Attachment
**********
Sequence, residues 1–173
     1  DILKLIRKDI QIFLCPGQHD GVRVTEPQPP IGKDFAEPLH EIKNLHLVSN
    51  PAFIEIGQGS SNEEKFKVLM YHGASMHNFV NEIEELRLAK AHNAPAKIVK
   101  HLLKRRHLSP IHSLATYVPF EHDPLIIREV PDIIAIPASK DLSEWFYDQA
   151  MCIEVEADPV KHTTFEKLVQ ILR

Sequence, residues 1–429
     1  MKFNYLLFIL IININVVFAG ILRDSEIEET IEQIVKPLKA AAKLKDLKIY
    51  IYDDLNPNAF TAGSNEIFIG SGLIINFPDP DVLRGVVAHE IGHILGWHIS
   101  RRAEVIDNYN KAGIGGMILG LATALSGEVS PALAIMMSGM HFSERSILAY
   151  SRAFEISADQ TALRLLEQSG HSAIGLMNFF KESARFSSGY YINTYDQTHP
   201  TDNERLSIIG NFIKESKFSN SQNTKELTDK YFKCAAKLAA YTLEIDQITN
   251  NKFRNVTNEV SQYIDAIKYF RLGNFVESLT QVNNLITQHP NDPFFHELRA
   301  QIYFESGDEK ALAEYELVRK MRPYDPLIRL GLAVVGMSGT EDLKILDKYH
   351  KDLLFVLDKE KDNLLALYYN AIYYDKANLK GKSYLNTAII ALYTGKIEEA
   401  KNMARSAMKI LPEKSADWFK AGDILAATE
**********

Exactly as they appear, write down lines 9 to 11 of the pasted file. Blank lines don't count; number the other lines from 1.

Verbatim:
   101  RRAEVIDNYN KAGIGGMILG LATALSGEVS PALAIMMSGM HFSERSILAY
   151  SRAFEISADQ TALRLLEQSG HSAIGLMNFF KESARFSSGY YINTYDQTHP
   201  TDNERLSIIG NFIKESKFSN SQNTKELTDK YFKCAAKLAA YTLEIDQITN